This film is a biography of Aretha Franklin, emphasizing her musical performing talent and her life-journey—seeking and achieving great fame. But it also reveals many of the very poor choices she made, and the many pains she suffered as a result. Eventually, she hits rock bottom, prays, and the film ends with an uplifiting and emotionally charged scene of her singing in church.
Discerning followers of Jesus may wonder if Aretha truly confesses her many sins and fervently repents, believes in Christ and turns her life over to Him. What is truly in her heart and mind? God knows; we don’t. We can only hope.
Underneath the emotional turmoil of the story and its presentation, one may wonder: Is Jesus Christ and the true Gospel really a focus, or is the focus somewhere else?
The screenwriter and director seem to think that what they are promoting in “Respect” is Social Justice, Progressive political activism, Black power, Feminism, and LGBTG. They want R-E-S-P-E-C-T. In fact, Aretha’s rendition of the song is frequently used by activists with her blessing. (See: Notes on the worldview of Aretha, the screenwriter and the director)
Her father reportedly became a “Reverend” at age 16. He abused alcohol (as did Aretha). He was sexually driven and promiscuous and adulterous (as was Aretha). He was abusive to his girlfriends and wife (she married a hot-tempered liar).
Black Liberation Theology — Her father found fame in preaching “a theology of liberation and racial pride” and became a nationally known Civil Rights activist. Under his leadership, the church became a major contributor to the NAACP. “During the 1960s, New Bethel under her father…became a center of the Civil Rights Movement in Detroit.”
Aretha’s half-sister, Carol Kelley (formerly Jennings) was her father’s daughter by Mildred Jennings, a then 12-year-old congregant of New Salem church (Memphis) where he was the pastor.
According to author Anthony Heilbut, “C.L. Franklin lived very high. His youngest daughter, Carolyn, once said that all their lives the children heard rumors that their father would be killed by romantic rivals.”
Aretha’s first pregnancy was at the age of 12, giving birth to her son Clarence (who in later life suffered from severe mental illness). The boy’s father was Edward Jordan; he fathered her 2nd son when she was 14. They never married.
Many readers may know that Aretha was a lifelong member of the Democratic Party and an avid activist for the Civil Rights movement, Women’s Rights movement, and Native American Indigenous Peoples Rights.
In addition, she was an ally and supporter of the Gay Rights movement. The LGBTQ Advocate calls her “LGBTQ advocate.” Another LBGTQ article author notes,
“It has been well documented that she regularly performed at gay weddings throughout the last few years of her life and was pleased that many of her biggest hits (like ‘Respect’) were used by the community at LGBTQ rallies and marches.”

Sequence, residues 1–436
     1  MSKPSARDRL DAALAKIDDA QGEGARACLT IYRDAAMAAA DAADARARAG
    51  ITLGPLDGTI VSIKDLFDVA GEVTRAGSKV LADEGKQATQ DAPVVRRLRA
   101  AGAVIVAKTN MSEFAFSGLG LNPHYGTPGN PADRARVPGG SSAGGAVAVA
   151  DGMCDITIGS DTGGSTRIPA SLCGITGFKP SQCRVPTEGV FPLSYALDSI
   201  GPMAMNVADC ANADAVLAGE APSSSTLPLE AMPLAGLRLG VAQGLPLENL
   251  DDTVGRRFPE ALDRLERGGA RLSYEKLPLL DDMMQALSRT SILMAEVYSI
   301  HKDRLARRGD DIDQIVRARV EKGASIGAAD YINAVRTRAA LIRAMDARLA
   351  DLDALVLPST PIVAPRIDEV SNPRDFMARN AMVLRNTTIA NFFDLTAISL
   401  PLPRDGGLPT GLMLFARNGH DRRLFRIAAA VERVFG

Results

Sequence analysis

Aretha’s sister Carolyn Franklin was Lesbian, and Aretha was reportedly a proud supporter of that.
► Watch Dr. Vodie Bauchman message, “Is Gay the New Black?” (streaming video below)
► What about Gays needs to change? It may not be what you think. / Also see: What’s wrong with being Gay? Homosexual behavior versus the Bible: Are people born Gay? Does homosexuality harm anyone? Is it anyone’s business? Are homosexual and heterosexual relationships equally valid?
Is the SCREENWRITER’S WORLDVIEW evident in “Respect”?
Her name is Tracey Scott Wilson, and she is a self-declared leftist lesbian feminist. Apparently in her opinion, that worldview comes through clearly in the film.
“Respect is an anthem for the Black power movement, for the women’s rights movement, for the gay rights movement — it’s become a national anthem for political movements all over the world.” —Tracey Scott Wilson
Is that also the DIRECTOR’S WORLDVIEW?
Apparently so. Her name is Liesl Tommy, she’s a South African black woman who promotes LGBTQ. In Pride (an LGBQT magazine), she revealed that in the opening of the film she purposely added a scene of Aretha witnessing two men briefly groping one another’s bottom, flirting and holding hands. (According to Aretha’s family, this is not historically accurate. It was added by Tommy as a foreshadowing of Aretha’s eventual support for LGBTQ+ Rights.
“I did feel like, let me put that in there right at the top so everybody understands the values of our film and of Aretha.”
In an interview with a San Franciso Progressive publiation, she said,
“Activism has been part of the culture my whole life. Like Aretha Franklin as a child, I was privy to really complex conversations around civil rights, around the struggle for freedom in South Africa, and around the concepts of institutional racism and colonialism
…Like Aretha, I grew up to be a person who incorporated advocacy and activism in everything, every part of my life. I was very inspired by her journey and I felt close to her because of that parallel.
As a filmmaker, the work you do is not actually objective, it’s extremely personal. And there were many things in Aretha’s life that I really connected to and so that’s why they ended up in the movie.”
According to an article in Playbill, Director Tommy’s aesthetic is physical and visceral… interested in portraying the violence of being a human on stage through physical violence and/or violent exchanges.
See list of Relevant Issues—questions-and-answers.